stripped over male form much like a conventional stripper. Outer skin
is laid up, carbon fiber followed by s-glass and smoothed up with a
layer of peel ply. A large crew is required for layup operation, in the
picture left to right: Richard Ameen, Wade Binion, John Hoffart, George
Melder, all team members and Gary Kohut on far side of boat. Present
but not in picture, John Qualls, team member and yours truly who usually
shows up and mixes epoxy at these events.
|George with boat
Once the outer skin has cured, the boat is taken off the form and
prepped for the inside laminate If anything inside laminate a little
more frenzied process than the outer, witness no one took any good
pictures but I believe there were 8 of us. The interior laminate is
vacuum bagged which entails adding a couple of layers of bleeder cloth
and absorption material over laminate and then wrapping the whole boat
in a nylon bag and applying a vacuum (5-7 psi) to consolidate the
laminate and remove any excess resin.
Then inside laminate applied, kevlar, and a blend of carbon/s-glass.
|Inside laminate (1)
|Inside laminate (2)
At this point the hull is done except for some trim work, gunnel
reinforcing and the like. I was of the opinion that the boat needed to
have a couple of bulkheads in the middle of the boat (like the plans
showed) to stiffen the hull and keep the gunnels from panting (moving in
and out). Turned out that with the seat braces in place, no matter how
hard you pushed and pulled, the gunnels just stayed in place. Amazing
stiffness with all that carbon fiber.
In many respects a voyageur is simpler than a safari boat, light
requirements are minimal, it is after all going to race in the land of
the midnight sun. Gear requirements are different but there is an
enormous amount of room available, particularly compared to a safari
boat. The big question regarding rigging was the seating setup. All the
crew had read an outstanding article by one of last years top voyageur
finishers and the description of switching from side to side on bench
seats was a matter of some concern. These guys hate to miss a single
stroke and the thought of missing several strokes while clambering
around every 50 or so strokes was the stuff of nightmares. George asked
me if I thought that there was room to have everybody in a line and
after a quick check, the answer was yes, actually there was plenty of
room. Then George had a brilliant idea, make the center seats slide from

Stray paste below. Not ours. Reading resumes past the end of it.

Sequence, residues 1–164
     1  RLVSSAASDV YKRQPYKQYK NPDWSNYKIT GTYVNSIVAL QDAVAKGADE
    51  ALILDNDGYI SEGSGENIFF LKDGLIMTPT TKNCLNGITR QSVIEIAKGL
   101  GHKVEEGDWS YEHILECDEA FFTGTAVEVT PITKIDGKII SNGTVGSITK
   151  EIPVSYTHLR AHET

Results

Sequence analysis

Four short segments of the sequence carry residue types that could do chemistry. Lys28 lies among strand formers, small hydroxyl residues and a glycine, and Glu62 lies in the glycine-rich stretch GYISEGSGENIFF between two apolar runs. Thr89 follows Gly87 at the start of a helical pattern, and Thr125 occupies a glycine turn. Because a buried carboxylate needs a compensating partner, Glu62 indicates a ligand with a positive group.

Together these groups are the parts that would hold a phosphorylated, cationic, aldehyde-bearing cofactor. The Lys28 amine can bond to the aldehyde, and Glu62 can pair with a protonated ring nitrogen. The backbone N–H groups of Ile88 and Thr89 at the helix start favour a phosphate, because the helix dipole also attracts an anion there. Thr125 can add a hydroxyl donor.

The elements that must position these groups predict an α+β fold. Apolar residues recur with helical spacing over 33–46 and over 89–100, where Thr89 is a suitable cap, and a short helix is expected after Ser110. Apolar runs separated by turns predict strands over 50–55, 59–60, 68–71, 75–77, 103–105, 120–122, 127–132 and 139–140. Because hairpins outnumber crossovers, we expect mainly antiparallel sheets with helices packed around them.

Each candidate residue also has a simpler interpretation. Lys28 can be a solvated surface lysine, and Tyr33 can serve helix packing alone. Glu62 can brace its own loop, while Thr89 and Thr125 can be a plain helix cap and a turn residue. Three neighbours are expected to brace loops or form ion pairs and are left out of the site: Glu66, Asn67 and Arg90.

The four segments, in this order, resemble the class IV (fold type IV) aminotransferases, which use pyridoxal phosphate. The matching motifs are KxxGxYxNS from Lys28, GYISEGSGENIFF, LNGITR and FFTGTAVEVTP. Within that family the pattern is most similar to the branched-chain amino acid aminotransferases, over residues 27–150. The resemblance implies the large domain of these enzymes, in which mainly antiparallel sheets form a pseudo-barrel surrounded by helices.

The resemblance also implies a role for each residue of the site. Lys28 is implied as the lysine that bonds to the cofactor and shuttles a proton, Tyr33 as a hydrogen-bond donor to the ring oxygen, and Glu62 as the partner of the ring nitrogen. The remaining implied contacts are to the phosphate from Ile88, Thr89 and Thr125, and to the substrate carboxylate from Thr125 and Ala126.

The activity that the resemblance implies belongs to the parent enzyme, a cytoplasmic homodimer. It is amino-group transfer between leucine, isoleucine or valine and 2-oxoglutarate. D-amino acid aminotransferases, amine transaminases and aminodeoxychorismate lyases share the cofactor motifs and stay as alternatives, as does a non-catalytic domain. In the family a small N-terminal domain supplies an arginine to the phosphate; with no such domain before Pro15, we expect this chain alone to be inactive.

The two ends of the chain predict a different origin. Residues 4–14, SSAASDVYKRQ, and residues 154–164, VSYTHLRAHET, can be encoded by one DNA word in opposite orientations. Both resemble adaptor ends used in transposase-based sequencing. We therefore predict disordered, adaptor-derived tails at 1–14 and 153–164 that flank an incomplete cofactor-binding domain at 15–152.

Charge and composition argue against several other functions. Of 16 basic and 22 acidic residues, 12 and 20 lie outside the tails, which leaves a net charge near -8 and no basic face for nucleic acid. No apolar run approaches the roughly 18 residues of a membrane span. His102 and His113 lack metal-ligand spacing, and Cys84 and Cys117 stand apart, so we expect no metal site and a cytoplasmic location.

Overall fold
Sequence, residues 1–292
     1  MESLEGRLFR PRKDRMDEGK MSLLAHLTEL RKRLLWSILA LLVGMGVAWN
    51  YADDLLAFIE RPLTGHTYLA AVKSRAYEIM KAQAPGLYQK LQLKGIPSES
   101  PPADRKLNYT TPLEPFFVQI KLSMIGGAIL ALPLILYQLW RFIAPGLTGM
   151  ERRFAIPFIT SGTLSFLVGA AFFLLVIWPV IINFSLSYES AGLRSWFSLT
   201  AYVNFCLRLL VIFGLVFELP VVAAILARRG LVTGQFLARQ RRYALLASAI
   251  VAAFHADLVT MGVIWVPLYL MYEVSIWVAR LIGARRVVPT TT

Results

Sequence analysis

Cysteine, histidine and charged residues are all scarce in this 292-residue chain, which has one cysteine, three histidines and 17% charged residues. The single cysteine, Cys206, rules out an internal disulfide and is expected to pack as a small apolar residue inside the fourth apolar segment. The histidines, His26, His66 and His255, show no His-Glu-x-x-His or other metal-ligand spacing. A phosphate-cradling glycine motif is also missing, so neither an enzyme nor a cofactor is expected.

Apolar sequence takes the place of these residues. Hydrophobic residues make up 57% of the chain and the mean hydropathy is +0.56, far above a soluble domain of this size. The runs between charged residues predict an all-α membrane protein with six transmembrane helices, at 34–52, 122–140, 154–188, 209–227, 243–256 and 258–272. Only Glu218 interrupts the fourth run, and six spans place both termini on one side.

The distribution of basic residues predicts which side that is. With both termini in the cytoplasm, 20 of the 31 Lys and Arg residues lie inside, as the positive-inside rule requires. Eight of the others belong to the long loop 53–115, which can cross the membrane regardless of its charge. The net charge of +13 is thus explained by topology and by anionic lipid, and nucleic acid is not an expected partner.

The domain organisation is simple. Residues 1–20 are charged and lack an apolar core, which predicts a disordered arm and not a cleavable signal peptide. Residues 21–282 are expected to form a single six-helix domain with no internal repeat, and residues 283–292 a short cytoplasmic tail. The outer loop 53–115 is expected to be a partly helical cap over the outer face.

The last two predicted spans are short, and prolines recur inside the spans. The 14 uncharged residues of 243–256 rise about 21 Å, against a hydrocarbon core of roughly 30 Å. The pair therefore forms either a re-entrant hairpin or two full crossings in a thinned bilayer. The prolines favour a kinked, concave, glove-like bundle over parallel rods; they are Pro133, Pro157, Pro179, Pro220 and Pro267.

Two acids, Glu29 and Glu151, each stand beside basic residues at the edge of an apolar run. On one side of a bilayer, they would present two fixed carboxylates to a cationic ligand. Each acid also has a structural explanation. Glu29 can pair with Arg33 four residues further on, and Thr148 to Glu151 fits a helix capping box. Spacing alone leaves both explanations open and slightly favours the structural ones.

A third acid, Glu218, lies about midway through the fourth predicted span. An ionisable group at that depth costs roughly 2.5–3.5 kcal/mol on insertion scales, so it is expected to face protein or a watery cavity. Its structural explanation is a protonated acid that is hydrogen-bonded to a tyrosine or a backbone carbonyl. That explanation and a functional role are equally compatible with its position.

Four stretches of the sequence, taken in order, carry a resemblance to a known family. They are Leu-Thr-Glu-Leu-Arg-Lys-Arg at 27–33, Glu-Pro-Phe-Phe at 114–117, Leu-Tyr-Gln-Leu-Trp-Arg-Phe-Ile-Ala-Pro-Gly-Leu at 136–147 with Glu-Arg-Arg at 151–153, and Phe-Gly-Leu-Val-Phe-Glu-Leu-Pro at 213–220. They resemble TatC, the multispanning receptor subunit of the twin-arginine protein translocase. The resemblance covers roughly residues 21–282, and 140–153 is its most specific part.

side to side, so its quicker and easier to swap sides, and by the way
not miss a stroke… ever. The
sliding seats used in the center 4 positions were elegantly executed
using hardware for an exercise rowing machine Since this was a new
innovation, the boys asked me to hold off writing anything about the
boat until they actually raced it. A reasonable request, actually they
paddle faster than I write and now have won the 2007 Yukon River Quest
in a record time 41 hrs 15 min unofficially, one hour one minute ahead
of the second place boat. The lateral sliding seats may have helped, but
they won with teamwork and heart. Interestingly, initial trials brought
to light one aspect of the lateral sliding seats no one had considered
beforehand. If you miss hearing the call to hut (switch), the boat will
heel to your side when there are suddenly 3 people on one side and only
one on the other. Then is a long way uphill to slide to get to the
proper side. Apparently every one learns this quickly and it is not a
problem. Do note though that the one time this designer was in the boat,
I’m in one of the fixed seats.
|First trial run
|2nd trial run
Susie had allowed that she hadn’t seen the new boat and would like
to see it in the water before it left for points north. We went up to
Lake Conroe and watched the last practice, which included all the Texas
team members plus a couple of good local paddlers to fill in for the two
team members from the Northwest. Pictures and captions follow.
|Arrival - That's a full-size pickup.
|Half the crew can easily move the boat.
|Leaving: Wade, John, Pete, John, Grady, Richard, John
Leaving (2): About 3 boat lengths and they are up to speed; probably
exceeding the marina speed limit but not leaving a wake. Note that
everyone except Grady has changed position and was surely done without
|Loading: Off to the Yukon
A new voyageur record, the first time a voyageur had won first
place, beating two local favorites that expected to win the race, heady
accomplishments for a team that hadn’t been there before.
I’m honored to have helped
in a small way.
- Richard Ameen, who put it all together
- George Melder, builder extraordinary
- The two Johns, Qualls and Hoffart
- Pete and Wade Binion, father and son
(Pete did a paddlers trifecta this year, 1st masters-Ruta Maya, 1ST
TWS, 1st YRQ)
- Edoh Amiran, navigator extraordinary
- Liam Price, steersman
Photo courtesy of YukonRiverQuest.com:
|The author, Skip Johnson